Monday, May 16, 2011

Tips and Suggestions to Painting

Tips & Suggestions:

-       Have confidence when you paint. Trust your creative instincts. Paint with expression and voice.
-       Make intentional brushstrokes by putting thought into each stroke, each decision. Make each brushstroke count.
-       Save your darkest darks and lightest lights for the final stages of the painting.
-       Apply strokes in the direction of the form - to help describe the form, imply motion or direction. 
-       You are building a “mosaic” of brushstrokes. Brushstrokes on top of brushstrokes. Smaller strokes on top of larger ones.
-       Apply confident and bold brushstrokes. Do not “dab at” the canvas with a million strokes.  Load your brush with paint, apply a stroke, and then go back to your palette, pick up more paint, and apply another stroke.  Exercise thoughtfulness.
-       One confident brushstroke says more than a hundred smoothed-out strokes.
-       Think of creative ways to apply paint. You can apply: a thick stroke from point A-B, a single dab of paint, scrub at the canvas with an old brush, dry-brush the paint, a palette knife or a shoe or whatever else.
-       Use larger brushes during the beginning stages and progressively smaller ones toward the latter stages. You can get more detail than you may think with using a large brush.  Push your dexterity and skill with a larger brush. 
-       “Fat over Lean”: Use a thinner paint mixture (paint with thinner or linseed oil) during the beginning stages and progressively less medium toward the latter stages. Near the end of the painting, you may find that you don’t need any medium at all. Thin paint is called, “lean” and paint with less or no medium is called, “fat”. Hence, “fat over lean”.
-       At the beginning, when blocking-in your drawing, break your values down to three values: darks, mid-tones and lights. Treat them as abstract shapes.
-       Here are some of the 3’s in painting (push yourself to discover other 3’s):
·      Lights - Mid-tones - Darks
·      Foreground - Mid-ground - Background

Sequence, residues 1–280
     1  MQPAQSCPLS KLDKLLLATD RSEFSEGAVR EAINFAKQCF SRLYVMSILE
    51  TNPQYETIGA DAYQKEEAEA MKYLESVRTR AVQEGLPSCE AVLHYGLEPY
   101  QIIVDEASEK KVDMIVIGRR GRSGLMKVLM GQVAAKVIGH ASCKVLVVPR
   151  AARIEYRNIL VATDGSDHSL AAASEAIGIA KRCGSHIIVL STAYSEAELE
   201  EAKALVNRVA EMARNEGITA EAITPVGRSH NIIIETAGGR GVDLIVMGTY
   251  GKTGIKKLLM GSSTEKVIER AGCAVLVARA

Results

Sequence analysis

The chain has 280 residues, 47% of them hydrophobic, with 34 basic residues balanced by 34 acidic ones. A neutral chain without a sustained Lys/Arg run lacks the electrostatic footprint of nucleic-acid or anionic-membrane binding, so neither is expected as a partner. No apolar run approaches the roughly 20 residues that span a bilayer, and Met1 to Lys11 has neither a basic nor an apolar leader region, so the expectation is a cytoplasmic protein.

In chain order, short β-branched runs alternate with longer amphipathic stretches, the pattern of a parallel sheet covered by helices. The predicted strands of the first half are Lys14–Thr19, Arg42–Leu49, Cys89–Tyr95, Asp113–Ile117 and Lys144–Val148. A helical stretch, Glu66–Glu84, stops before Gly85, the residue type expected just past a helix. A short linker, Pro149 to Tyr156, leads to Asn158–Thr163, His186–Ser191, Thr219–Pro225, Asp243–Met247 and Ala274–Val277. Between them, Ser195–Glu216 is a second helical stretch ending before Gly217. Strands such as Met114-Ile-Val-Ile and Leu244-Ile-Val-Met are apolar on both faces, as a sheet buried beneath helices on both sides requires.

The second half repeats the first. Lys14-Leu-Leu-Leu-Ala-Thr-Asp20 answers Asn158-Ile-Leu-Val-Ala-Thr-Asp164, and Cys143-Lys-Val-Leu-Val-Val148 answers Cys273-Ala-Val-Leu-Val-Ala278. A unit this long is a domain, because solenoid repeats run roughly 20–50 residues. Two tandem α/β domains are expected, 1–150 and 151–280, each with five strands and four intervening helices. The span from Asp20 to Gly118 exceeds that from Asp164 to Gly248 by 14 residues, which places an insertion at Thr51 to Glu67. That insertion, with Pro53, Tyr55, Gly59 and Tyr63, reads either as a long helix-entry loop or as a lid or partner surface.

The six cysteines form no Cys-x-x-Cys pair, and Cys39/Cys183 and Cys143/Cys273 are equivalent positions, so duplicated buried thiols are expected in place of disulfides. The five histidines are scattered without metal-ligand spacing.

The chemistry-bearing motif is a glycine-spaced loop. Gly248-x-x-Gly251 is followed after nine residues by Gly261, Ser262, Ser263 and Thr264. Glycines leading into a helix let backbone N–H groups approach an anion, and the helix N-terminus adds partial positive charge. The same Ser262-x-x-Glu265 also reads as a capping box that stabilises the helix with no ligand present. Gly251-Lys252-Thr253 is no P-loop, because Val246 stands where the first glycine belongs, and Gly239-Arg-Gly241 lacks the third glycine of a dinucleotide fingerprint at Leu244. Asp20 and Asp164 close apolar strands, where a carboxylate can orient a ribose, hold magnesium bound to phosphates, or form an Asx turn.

·      Tight/Detail - Midrange/Structure - Loose/Abstraction
·      Focal point - Main subject - Overall impact
Shapes: Small, Medium, Large
Image, Message, Context
·      Fine rendered detail - Modeled form - Suggestive space
·      Punchy Color - Muted Color - Grays/Browns

Saturday, May 14, 2011

Mixing Blacks

There are different approaches to mixing blacks. Here are three. Notice the addition of Indian Yellow in figure 1. I've found that Indian Yellow is close to Cadmium Yellow if Titanium White is added. This is very useful when attempting to mix deep blacks.

Titus Castanza's Palette Layout

I like to use a simplified palette made up of mostly primary colors. If you'll notice, I have a warm and cool version of each primary color. In addition, I like to use Trans. Brown Oxide lately. But in the past, I liked to use burnt umber or maybe sometimes raw umber. Black can be mixed using French Ultramarine and brown together. You can mix your own black or just use Ivory Black. Lately, I've just been using Ivory Black directly from the tube (for the sake of ease) but I find myself still adding brown to warm it up.

Occasionally, I prefer to use Magenta into my palette.

Helpful Tip: Some years ago, I familiarized myself with only one brand of paint before introducing other brands to my palette. At one point, I had only Windsor&Newton paints. Over time I developed a propensity for other brands. I very much like Gamblin paints for all my Cadmium colors–but not for much else. Different brands of paint vary with color intensity, tone, quality, viscosity. You're better off becoming very familiar with one brand before branching out.